7. Columbian Black-Tailed Deer, Odocoileus hemionus columbianus
8. European Starling, Sturnus vulgaris
9. Golden-Crowned Sparrow,Zonotrichia atricapilla
10. Gopher Snake, Pacific Gopher snake, Pituophis catenifer catenifer
11. House Wren, Troglodytes aedon
12. Mourning Dove, Zenaida macroura
13. Northern Flicker, Colaptes auratus
14. Red Shouldered Hawk, Buteo lineatus
15. Rio Grande Wild Turkey, Meleagris gallopavo intermedia
16. Ruby-Crowned Kinglet, Regulus calendula
17. Spotted Towhee, Pipilo maculatus
18. Swainson’s Hawk, Buteo swainsoni
19. White-Breasted Nuthatch, Sitta carolinensis

Watching a Hawk Eat His Breakfast, 03-04-19

I headed out to the Effie Yeaw Nature Preserve for a walk today.  It was about 46° at the river, and while I was walking the clouds parted, leaving things partly sunny and quite lovely outside. I walked for a little over 3 hours and covered about 2½ miles.

One of the first things I saw was a small group of male Western Bluebirds. They’re small birds, but so brilliantly colored it’s hard to miss them even at a distance.  Around that same area, I watched as an Eastern Fox Squirrel added foliage to a drey she was building inside and around a mound of mistletoe. Smart squirrel. It’s really hard for predators to see the drey from above or below. Now I know where two dreys are in the preserve; I’ll have to keep an eye on them to see if I can spot any babies (once they’re old enough to emerge).

All of the plants and critters are getting ready for spring. The poison oak is starting to leaf out everywhere, their new reddish leaves vibrant in the morning light. And manroot and pipevine are showing up all over the landscape.  In one spot, I found the native manroot intertwining with invasive Periwinkle vines.  Elsewhere, the invasive European Starlings are in a battle with native Acorn Woodpeckers for nesting sites. The Starlings can’t drill their own nesting cavities, so they steal from the woodpeckers whenever they can.

I also spotted a tiny female Anna’s Hummingbird plucking the fluff off of the top of dead Yellow Star Thistle blossoms and flying off with it. They use it to line their nests.

I saw a few Red-Shouldered Hawks today, including one that flew over my head with something in its talons. I tried following it, even though it was moving really quickly, and my legs are really short. Then I could hear it calling from somewhere close, and I jokingly said to myself, “Y’know, it would be really nice if you landed on the bat box over there so I could actually get some picture of you.”

And when I finally found it, it had landed on the bat box! Yay!

It stayed there, letting me take photos of it until it had finished it breakfast and flew off again. Awesome. And in many of the photos, you can see that it had a little dark vole. In some of the photos, you can clearly see the vole’s eyes and face.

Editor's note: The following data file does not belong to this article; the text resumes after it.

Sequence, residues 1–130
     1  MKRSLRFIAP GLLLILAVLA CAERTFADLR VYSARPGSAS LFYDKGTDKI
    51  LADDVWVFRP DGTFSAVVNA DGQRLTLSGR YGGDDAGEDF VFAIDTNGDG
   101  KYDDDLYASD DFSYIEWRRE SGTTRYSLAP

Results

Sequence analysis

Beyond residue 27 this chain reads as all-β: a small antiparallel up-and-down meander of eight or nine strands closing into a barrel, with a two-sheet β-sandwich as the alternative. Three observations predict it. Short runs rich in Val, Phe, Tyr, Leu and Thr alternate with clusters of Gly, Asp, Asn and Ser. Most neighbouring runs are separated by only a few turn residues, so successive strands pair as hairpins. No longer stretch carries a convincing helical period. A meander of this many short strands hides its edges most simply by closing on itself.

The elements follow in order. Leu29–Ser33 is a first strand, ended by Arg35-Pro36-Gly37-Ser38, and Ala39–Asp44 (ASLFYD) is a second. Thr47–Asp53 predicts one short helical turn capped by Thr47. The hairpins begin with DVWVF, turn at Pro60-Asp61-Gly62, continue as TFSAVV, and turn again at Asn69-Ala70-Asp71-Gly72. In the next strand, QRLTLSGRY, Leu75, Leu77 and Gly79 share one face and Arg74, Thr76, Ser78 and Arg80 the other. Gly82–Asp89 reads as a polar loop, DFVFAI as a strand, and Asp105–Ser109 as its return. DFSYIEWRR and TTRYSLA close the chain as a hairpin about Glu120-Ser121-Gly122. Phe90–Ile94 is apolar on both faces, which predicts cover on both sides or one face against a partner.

CLICK HERE for the album of photos.

The biggest surprise of the day was hearing the gravelly call of Sandhill Cranes from overhead. The sound can travel for over a mile, so sometimes they’re REALLY hard to spot, but I managed to see the flock, flying waaaaaaaaay overhead among the clouds. ((Later, when I got home, my sister Melissa and I were able to spot another flock flying overhead.))

I love this time of year.

Species List: 

  1. Acorn Woodpecker, Melanerpes formicivorus
  2. American Kestrel, Falco sparverius
  3. Anna’s Hummingbird, Calypte anna
  4. Audubon’s Warbler, Yellow-Rumped Warbler, Setophaga coronata
  5. Black Jelly Roll Fungus, Exidia glandulosa
  6. Black-Tailed Jackrabbit, Lepus californicus
  7. Blessed Milkthistle, Silybum marianum
  8. Blue Elderberry, Sambucus cerulea
  9. California Ground Squirrel, Otospermophilus beecheyi
  10. California Pipevine, Dutchman’s Pipe, Aristolochia californica
  11. California Scrub Jay, Aphelocoma californica
  12. California Towhee, Melozone crissalis
  13. Columbian Black-Tailed Deer, Odocoileus hemionus columbianus
  14. Eastern Fox Squirrel, Sciurus niger
  15. European Starling, Sturnus vulgaris
  16. False Turkey Tail fungus, Stereum hirsutum
  17. Giraffe’s Head Henbit, Henbit Deadnettle, Lamium amplexicaule
  18. Golden Crowned Sparrow, Zonotrichia atricapilla
  19. Haymaker Mushroom, Panaeolus foenisecii
  20. Manroot, California Manroot, Bigroot Vine, Wild Cucumber, Marah fabaceus
  21. Miner’s Lettuce, Claytonia perfoliata
  22. Northern Flicker, Colaptes auratus
  23. Nutthall’s Woodpecker, Picoides nuttallii
  24. Oak Titmouse, Baeolophus inornatus
  25. Periwinkle, Vinca major
  26. Poison Oak, Pacific Poison Oak, Western Poison Oak, Toxicodendron diversilobum
  27. Raccoon, Procyon lotor
  28. Red-Shouldered Hawk, Buteo lineatus
  29. Sandhill Crane, Grus canadensis
  30. Spotted Towhee, Pipilo maculatus
  31. Western Bluebird, Sialia mexicana
  32. White-Breasted Nuthatch, Sitta carolinensis
  33. Wild Turkey, Rio Grande Turkey, Meleagris gallopavo intermedia
  34. Yellow Field Mushrooms, Agaricus campestris
  35. Yellow Star-Thistle, Centaurea solstitialis